Google Executive Chairman Eric Schmidt excited the Mobile World Congress audience last week when he discussed how Android smartphones would be getting cheaper and cheaper in the next couple years.
Thanks to Moore's Law, smartphones are becoming like feature phonescommodity products in a commodity-driven world always looking for the next big thing. Schmidt sees Android set prices coming down to the $100 to $150 range from $200 to $400 in 2013, and then even down to the $70 feature phone price point a year or two after that.
The news caught the attention of Ovum Research analyst Tony Cripps, who noted in a research note Feb. 29:
"Schmidt's expectation that Android smartphones will be available between $100-$150 by next year already looks inevitable and will begin to redefine the handset market as a whole. The eventual goal of seeing the price of Android devices brought down into the $70 range also looks realistic to us with the advancement of technology and huge economies of scale that are starting to drive the Android economy."
This emerging trend begs the question: Should the network operators and android OEMs, which together make money on the hardware sales, push back against the $70 smartphone trend that threatens to nibble at their bottom lines? No, said analysts.
"Nokia Symbian is already shipping phones at this level," Gartner analyst Ken Dulaney told eWEEK. "There will always be a variety with differing features. As long as consumers will spend $400 on Nike shoes, then there will be people who spend $200 on phones. And they will market the high end ones because that is where the profit comes from, just like in shoes."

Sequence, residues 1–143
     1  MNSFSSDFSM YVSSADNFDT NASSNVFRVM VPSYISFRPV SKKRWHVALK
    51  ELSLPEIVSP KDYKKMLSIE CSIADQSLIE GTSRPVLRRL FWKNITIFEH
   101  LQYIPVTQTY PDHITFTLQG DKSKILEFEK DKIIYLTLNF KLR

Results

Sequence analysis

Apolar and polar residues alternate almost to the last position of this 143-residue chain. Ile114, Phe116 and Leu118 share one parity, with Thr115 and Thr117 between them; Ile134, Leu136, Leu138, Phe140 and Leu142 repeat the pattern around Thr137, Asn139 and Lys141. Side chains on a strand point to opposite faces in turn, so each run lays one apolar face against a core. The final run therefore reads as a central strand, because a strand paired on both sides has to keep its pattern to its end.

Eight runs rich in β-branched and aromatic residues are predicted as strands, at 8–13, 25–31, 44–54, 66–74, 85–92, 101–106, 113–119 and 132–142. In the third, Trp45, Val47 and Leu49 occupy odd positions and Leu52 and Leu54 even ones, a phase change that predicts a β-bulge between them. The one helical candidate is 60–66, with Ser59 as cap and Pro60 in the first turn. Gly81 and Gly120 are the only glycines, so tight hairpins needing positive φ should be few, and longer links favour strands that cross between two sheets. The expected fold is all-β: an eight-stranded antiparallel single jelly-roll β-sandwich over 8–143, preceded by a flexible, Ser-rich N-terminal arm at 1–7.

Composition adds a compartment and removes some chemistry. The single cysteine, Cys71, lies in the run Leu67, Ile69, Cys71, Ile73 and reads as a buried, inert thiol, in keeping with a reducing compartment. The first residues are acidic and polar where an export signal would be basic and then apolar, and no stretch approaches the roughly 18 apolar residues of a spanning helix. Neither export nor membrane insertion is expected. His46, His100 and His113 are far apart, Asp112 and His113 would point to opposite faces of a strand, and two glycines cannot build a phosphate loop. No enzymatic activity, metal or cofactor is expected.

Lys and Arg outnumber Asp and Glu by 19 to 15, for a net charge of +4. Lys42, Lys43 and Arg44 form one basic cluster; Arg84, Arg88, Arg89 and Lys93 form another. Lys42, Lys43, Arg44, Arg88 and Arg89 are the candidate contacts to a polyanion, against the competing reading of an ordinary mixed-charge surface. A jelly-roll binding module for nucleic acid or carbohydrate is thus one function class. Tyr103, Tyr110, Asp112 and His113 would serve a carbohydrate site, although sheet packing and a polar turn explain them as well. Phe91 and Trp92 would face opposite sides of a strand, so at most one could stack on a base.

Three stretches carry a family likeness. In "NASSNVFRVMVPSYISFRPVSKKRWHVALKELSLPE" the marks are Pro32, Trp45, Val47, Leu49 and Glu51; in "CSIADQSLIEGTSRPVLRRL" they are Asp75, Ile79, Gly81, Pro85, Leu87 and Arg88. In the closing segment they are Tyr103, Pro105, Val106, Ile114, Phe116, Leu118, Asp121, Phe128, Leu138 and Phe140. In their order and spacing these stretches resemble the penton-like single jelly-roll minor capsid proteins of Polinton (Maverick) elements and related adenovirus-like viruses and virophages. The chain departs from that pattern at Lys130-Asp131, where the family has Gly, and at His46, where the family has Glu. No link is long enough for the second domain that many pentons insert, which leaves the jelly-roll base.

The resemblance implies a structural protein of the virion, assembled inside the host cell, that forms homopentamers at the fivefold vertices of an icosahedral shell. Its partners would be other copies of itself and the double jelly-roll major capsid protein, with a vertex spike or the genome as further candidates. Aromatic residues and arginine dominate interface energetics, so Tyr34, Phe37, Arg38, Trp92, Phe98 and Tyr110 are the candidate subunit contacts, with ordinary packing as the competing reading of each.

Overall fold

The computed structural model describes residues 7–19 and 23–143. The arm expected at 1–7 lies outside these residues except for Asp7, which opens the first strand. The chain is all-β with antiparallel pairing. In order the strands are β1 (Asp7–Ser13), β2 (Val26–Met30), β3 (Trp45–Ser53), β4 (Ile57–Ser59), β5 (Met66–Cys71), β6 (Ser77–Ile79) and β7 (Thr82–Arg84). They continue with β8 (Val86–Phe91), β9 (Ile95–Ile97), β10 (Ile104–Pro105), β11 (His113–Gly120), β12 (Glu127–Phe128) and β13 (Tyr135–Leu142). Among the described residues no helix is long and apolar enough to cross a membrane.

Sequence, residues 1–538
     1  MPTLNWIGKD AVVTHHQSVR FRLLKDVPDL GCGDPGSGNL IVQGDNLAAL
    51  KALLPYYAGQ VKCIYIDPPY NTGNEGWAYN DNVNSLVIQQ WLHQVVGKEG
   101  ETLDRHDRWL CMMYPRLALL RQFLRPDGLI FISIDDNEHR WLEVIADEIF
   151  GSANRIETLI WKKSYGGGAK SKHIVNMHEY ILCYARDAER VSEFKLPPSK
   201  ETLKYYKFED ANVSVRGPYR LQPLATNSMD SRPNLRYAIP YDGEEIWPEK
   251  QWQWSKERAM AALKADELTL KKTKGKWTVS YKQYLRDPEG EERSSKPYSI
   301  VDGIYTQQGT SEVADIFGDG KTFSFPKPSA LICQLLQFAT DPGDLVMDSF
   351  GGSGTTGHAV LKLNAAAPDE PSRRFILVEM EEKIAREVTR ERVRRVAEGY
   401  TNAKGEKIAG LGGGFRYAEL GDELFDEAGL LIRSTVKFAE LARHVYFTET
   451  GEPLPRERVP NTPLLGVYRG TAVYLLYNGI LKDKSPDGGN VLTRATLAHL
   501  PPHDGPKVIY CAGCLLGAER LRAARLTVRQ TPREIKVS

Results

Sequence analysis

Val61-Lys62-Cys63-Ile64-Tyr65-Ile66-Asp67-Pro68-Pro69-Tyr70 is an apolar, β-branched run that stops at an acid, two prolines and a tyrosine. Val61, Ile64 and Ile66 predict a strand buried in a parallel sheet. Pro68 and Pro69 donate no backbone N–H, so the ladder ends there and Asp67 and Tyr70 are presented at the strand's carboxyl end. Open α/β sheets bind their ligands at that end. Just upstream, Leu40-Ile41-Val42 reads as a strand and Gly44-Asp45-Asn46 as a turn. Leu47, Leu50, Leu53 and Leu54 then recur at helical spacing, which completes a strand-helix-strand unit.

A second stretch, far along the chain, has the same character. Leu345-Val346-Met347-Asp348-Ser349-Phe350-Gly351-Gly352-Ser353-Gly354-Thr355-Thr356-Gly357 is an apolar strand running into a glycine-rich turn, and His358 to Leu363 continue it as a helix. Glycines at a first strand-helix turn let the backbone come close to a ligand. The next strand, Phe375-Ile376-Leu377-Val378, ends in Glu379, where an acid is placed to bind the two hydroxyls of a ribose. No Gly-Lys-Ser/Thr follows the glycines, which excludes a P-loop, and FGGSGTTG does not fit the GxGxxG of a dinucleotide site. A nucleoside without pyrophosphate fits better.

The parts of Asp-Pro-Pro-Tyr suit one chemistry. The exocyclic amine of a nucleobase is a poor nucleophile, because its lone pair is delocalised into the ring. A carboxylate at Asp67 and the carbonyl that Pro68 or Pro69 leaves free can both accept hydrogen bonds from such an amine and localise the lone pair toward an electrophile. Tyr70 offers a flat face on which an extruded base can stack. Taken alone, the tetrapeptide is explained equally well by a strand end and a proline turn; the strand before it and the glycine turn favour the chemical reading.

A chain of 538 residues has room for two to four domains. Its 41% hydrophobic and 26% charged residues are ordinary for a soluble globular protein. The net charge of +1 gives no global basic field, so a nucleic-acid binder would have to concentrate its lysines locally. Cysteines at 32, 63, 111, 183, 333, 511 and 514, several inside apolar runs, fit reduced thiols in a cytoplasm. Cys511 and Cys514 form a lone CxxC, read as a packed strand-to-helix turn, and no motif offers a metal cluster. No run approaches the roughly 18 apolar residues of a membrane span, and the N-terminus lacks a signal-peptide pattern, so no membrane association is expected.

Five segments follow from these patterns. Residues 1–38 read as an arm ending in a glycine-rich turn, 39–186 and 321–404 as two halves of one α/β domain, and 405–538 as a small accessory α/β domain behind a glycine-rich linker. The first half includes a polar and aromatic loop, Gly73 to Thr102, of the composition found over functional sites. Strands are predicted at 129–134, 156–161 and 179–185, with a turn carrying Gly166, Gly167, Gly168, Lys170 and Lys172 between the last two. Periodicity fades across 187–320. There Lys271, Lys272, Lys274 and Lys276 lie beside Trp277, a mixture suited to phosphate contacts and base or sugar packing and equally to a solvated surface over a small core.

But won't the commoditization of components, just as with PCs, wither phone hardware margins? Not according to Current Analysis analyst Avi Greengart.
"Nokia makes good margins on its entry-level feature phones, so it is certainly possible to make money there as that market slowly transitions to smartphones over time," Greengart told eWEEK.
"Of course, one way to ensure your margins stay high is not to enter markets unless you can maintain high marginsthat has been Apple's approach. Apple is slowly pushing down into lower price tiers, but is doing so at its own pace and is not chasing market share or unit volumes if it can't get the margins it wants."
Greengart further argued that carriers should welcome broadening the smartphone market because it allows them to push data plans to consumers who could not afford smartphones at higher device price points.
Of course, this is all great news for Google, which would just as soon have carriers give handsets away for free so more of them get into the hands of consumers.
More smartphones in the hands of consumers means more mobile ads served to those consumers. Indeed, Piper Jaffray analyst Gene Munster already sees Google's Android business booming to $4.5 billion in 2012, up 80 percent from the 2011 total.
As Cripps noted: Android's astonishing growth so far may well look modest in coming years."